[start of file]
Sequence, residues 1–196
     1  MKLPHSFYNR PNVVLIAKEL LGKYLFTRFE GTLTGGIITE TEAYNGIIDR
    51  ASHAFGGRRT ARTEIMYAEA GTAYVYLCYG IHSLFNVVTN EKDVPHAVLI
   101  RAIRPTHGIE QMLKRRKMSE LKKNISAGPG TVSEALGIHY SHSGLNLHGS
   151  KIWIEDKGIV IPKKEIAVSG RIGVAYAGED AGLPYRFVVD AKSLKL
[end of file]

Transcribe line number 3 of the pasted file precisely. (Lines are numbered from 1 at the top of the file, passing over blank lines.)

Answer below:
    51  ASHAFGGRRT ARTEIMYAEA GTAYVYLCYG IHSLFNVVTN EKDVPHAVLI